Unlike what they actually practice - pursuing aggressive, life-prolonging treatment for terminally-ill patients - most physicians would like to forego it for themselves, a new study reveals.
Most physicians would choose a do-not-resuscitate or "no code" status for themselves when they are terminally ill, according to a study from Stanford University School of Medicine.
"Why do we physicians choose to pursue such aggressive treatment for our patients when we would not choose it for ourselves?" asked V.J. Periyakoil, lead author of the study.
The reasons likely are multifaceted and complex.
An overwhelming percentage of the 2,013 doctors surveyed - 88.3 percent - said they would choose "no-code" or do-not-resuscitate orders for themselves.
In the study, Periyakoil and her colleagues set out to determine how physicians' attitudes have changed toward advance directives since passage of the US Self-Determination Act in 1990 - a law designed to give patients more control over determining end-of-life-care decisions.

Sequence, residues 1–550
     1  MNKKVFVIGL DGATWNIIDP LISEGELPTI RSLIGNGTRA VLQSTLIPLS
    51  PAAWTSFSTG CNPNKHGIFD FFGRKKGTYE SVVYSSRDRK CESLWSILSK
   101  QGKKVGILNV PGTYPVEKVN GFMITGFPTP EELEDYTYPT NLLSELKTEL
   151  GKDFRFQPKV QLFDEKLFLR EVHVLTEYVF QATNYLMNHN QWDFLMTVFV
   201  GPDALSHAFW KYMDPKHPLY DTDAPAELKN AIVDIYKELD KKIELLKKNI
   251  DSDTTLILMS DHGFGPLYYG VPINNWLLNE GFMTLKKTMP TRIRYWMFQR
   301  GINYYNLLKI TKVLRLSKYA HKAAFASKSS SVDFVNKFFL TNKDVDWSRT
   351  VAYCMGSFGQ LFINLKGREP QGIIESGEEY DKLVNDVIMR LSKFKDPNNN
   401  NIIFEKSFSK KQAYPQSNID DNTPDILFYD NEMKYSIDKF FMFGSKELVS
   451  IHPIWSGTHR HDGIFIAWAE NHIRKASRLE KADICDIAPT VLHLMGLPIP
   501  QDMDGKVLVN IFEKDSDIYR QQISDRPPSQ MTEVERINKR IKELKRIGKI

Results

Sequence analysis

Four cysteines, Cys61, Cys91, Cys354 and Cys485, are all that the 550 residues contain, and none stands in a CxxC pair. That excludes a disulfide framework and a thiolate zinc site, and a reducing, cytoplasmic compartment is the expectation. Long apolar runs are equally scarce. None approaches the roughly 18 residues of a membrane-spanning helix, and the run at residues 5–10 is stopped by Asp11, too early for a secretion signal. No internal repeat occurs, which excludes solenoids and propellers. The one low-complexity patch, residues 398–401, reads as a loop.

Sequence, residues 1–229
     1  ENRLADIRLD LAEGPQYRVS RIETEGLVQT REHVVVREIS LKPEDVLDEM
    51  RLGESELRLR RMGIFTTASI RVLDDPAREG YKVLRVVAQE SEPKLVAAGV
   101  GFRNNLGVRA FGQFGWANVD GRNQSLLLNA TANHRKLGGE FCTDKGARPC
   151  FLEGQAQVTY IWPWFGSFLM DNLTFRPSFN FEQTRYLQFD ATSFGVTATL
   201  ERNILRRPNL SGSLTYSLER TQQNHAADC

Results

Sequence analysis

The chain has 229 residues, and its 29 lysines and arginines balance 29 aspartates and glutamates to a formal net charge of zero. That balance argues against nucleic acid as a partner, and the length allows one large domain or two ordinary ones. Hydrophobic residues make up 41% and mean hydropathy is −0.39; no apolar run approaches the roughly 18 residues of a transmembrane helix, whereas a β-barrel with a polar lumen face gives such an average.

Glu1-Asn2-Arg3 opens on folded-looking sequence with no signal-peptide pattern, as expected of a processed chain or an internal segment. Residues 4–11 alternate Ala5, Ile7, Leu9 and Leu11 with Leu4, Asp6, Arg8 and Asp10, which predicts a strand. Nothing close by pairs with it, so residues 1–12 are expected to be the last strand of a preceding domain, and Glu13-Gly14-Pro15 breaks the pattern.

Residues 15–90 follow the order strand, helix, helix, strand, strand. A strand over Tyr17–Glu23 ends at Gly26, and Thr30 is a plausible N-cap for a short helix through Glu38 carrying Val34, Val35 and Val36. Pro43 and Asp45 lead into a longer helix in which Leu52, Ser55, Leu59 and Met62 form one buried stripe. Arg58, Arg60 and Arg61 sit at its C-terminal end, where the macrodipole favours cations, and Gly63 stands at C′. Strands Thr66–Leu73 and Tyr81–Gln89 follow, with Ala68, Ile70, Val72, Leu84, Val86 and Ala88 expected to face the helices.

"More than 80 percent of patients say they wish to avoid hospitalisation and high-intensity care at the end of life, but their wishes are often overridden," the authors noted.
At the core of the problem is a biomedical system that rewards doctors for taking action, not for talking with their patients.
"Our current default is 'doing,' but in any serious illness there comes a tipping point where the high-intensity treatment becomes more of a burden than the disease itself," emphasised Periyakoil who trains physicians in palliative medicine.
The study appeared in the journal PLOS ONE.